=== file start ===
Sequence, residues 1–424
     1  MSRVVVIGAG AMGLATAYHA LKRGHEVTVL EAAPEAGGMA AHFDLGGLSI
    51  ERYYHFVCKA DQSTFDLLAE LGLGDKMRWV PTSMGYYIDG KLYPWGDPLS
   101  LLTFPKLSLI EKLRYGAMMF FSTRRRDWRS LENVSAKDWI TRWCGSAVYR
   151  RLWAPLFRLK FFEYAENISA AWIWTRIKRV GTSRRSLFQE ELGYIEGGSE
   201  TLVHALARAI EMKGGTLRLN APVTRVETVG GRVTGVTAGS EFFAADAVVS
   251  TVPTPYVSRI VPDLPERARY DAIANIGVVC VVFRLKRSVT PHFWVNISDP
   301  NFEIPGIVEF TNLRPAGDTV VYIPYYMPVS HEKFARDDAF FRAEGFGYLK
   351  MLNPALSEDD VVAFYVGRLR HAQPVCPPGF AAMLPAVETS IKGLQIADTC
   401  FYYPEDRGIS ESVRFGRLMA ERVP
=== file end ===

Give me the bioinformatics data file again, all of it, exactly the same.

Sequence, residues 1–424
     1  MSRVVVIGAG AMGLATAYHA LKRGHEVTVL EAAPEAGGMA AHFDLGGLSI
    51  ERYYHFVCKA DQSTFDLLAE LGLGDKMRWV PTSMGYYIDG KLYPWGDPLS
   101  LLTFPKLSLI EKLRYGAMMF FSTRRRDWRS LENVSAKDWI TRWCGSAVYR
   151  RLWAPLFRLK FFEYAENISA AWIWTRIKRV GTSRRSLFQE ELGYIEGGSE
   201  TLVHALARAI EMKGGTLRLN APVTRVETVG GRVTGVTAGS EFFAADAVVS
   251  TVPTPYVSRI VPDLPERARY DAIANIGVVC VVFRLKRSVT PHFWVNISDP
   301  NFEIPGIVEF TNLRPAGDTV VYIPYYMPVS HEKFARDDAF FRAEGFGYLK
   351  MLNPALSEDD VVAFYVGRLR HAQPVCPPGF AAMLPAVETS IKGLQIADTC
   401  FYYPEDRGIS ESVRFGRLMA ERVP